“Pathways to effective coverage for mental health services among urban adolescents in Nepal.”
Deepak Joshi is a public health professional and works as a Research and Evaluation Manager at HERD International. He holds a Master’s degree in Public Health from BP Koirala Institute of Health Sciences in Nepal.
Evidence at the global stage, including Nepal, suggest that mental health conditions are common in adolescents. Depression particularly presents one of the highest health burdens in urban areas of Nepal. Rapid urbanization poses a unique environment that makes adolescents more likely to be exposed to risk factors for mental illness, including poverty, insecurity, lower self-esteem, lower social cohesion and bullying. The recent National Mental Health Survey Nepal 2020 reported a 5.2% prevalence of mental health problems among adolescents aged 13 to 17 years. Likewise, a study conducted among the undergraduate students of Pokhara Metropolitan found that the prevalence of depression was 38.2% whereas, the study conducted among high school students of Kathmandu found that 56.5% of the students suffered with depression. Despite this, mental health interventions for urban adolescents are yet to be prioritized in Nepal.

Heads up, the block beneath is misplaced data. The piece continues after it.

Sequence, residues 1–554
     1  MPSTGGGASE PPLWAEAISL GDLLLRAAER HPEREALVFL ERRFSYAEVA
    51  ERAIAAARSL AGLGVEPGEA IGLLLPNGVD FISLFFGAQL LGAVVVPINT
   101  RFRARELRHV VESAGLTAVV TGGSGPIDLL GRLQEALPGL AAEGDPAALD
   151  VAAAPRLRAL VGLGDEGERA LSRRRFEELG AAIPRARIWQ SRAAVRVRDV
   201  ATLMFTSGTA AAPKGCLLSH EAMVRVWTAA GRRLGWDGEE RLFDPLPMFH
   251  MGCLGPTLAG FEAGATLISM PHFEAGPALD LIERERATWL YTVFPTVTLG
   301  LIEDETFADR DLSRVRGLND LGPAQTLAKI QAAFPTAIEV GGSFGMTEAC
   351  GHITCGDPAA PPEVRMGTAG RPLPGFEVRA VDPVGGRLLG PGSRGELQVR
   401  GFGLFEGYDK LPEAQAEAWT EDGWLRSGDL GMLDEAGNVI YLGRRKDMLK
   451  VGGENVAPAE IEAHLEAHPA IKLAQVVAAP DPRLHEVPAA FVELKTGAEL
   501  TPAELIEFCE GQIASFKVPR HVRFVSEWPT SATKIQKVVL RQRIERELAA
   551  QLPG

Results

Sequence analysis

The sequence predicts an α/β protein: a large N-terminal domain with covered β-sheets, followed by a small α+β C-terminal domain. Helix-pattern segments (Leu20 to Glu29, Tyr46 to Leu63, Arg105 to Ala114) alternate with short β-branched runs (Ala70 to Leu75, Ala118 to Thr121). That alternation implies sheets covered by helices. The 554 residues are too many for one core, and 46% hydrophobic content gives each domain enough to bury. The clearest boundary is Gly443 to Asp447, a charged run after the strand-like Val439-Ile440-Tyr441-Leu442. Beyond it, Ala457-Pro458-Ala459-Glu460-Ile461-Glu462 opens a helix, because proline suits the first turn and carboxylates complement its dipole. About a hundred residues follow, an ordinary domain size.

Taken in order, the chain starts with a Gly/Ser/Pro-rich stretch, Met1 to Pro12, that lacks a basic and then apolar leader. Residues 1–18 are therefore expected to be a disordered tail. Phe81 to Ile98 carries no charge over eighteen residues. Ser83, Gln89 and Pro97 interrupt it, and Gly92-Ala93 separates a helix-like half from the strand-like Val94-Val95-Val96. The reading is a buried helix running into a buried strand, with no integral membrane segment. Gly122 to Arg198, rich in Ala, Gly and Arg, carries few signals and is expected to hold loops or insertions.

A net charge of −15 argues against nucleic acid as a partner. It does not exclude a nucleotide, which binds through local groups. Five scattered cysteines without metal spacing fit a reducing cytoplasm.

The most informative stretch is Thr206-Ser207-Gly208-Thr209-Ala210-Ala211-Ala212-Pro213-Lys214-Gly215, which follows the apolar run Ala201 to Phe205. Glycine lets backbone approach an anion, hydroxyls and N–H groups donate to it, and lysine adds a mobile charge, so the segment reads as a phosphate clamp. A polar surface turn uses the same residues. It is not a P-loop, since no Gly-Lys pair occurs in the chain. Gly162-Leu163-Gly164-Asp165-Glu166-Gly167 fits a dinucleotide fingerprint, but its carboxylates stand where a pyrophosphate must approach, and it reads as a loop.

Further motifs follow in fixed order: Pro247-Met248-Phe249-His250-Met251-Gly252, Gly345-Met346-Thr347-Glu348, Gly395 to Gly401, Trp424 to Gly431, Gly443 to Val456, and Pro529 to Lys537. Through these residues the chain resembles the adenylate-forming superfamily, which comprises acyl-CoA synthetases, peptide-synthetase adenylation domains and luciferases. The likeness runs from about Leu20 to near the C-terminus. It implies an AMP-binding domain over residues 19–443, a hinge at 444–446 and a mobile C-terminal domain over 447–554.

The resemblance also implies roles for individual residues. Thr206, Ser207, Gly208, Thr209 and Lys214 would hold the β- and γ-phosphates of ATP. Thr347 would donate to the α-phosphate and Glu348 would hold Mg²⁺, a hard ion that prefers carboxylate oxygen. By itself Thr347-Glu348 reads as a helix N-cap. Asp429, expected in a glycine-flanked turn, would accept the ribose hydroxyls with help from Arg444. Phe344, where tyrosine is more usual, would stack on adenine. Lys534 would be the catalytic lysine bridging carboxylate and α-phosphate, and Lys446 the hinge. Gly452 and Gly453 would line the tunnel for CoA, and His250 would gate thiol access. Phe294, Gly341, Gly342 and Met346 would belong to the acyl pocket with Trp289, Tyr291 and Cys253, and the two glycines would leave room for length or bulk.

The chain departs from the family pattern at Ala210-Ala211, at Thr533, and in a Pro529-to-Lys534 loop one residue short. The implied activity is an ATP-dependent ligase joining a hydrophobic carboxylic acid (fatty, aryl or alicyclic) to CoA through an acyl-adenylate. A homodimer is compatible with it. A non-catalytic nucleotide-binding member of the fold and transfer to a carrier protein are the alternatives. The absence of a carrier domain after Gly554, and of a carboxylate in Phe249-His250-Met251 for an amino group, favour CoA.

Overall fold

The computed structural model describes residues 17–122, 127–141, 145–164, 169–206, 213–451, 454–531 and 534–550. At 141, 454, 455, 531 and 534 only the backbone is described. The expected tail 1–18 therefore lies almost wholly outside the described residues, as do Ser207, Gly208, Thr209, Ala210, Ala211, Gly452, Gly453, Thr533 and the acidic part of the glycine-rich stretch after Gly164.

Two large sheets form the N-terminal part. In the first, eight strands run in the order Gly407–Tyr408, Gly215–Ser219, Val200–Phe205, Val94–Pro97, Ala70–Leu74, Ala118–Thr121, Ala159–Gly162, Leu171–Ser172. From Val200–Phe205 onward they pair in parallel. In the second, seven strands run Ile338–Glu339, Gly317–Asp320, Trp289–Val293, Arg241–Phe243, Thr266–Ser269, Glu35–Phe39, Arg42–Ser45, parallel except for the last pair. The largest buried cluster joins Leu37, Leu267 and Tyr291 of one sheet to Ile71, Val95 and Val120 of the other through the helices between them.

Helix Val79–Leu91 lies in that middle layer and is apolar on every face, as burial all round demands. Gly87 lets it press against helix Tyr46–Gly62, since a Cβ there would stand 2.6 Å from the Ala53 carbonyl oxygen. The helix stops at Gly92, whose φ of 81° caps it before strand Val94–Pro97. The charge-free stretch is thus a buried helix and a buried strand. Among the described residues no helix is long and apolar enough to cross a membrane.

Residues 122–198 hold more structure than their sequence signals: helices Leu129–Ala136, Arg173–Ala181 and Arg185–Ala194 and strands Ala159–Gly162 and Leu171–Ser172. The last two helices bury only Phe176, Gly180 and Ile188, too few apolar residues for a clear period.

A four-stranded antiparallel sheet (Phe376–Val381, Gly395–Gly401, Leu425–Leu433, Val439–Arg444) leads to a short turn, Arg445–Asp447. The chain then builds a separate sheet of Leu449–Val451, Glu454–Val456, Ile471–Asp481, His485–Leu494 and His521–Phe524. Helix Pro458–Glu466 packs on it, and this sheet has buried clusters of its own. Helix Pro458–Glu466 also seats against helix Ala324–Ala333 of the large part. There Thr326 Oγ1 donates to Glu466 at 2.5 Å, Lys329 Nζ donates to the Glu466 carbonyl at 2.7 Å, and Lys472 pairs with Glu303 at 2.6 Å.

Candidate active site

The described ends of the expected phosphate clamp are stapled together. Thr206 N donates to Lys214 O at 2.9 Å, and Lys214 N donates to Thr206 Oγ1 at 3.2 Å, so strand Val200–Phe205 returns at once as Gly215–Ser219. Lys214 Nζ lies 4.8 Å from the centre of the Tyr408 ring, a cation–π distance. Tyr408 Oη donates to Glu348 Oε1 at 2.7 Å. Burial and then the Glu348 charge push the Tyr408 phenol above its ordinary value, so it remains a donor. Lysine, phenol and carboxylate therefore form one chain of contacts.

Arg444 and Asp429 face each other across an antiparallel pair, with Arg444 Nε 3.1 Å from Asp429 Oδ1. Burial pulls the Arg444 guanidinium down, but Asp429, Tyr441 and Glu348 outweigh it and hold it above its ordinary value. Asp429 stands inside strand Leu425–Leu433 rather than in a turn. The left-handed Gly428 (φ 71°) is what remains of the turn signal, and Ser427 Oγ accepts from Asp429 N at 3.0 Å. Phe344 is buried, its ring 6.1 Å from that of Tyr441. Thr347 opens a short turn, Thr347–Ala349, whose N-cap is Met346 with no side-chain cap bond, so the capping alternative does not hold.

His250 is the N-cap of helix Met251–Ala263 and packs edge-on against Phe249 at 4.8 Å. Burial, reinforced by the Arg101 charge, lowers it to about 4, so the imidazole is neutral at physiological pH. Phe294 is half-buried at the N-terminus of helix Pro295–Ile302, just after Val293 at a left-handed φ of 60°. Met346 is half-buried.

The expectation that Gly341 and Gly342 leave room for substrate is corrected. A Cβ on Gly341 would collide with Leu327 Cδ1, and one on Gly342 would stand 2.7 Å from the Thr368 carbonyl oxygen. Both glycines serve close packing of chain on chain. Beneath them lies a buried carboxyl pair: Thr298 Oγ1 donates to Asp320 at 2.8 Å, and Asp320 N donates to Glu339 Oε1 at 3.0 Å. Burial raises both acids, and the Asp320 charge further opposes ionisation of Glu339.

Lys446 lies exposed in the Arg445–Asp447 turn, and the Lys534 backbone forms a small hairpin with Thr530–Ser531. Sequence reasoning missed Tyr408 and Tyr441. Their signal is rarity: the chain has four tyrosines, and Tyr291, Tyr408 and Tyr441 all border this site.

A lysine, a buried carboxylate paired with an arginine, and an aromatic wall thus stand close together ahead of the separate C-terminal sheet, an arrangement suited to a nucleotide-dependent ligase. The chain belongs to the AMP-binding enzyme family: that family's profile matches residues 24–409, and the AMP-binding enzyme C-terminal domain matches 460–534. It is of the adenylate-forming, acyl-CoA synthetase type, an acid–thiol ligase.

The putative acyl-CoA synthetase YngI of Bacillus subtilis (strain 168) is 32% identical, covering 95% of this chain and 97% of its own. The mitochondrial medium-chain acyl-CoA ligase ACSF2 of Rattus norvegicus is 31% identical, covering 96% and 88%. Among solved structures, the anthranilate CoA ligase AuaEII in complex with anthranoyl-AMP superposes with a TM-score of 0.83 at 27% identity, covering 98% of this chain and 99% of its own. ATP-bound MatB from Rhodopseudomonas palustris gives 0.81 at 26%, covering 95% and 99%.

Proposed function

This study focuses on developing local-based solutions to improve the coverage, utilization and adherence to mental health services in Pokhara City in Nepal, prioritizing the urban poor population. The study aims to improve mental health by developing a pathway that can be supportive to increase accessibility and availability of mental health services specifically tailored for adolescents in Pokhara.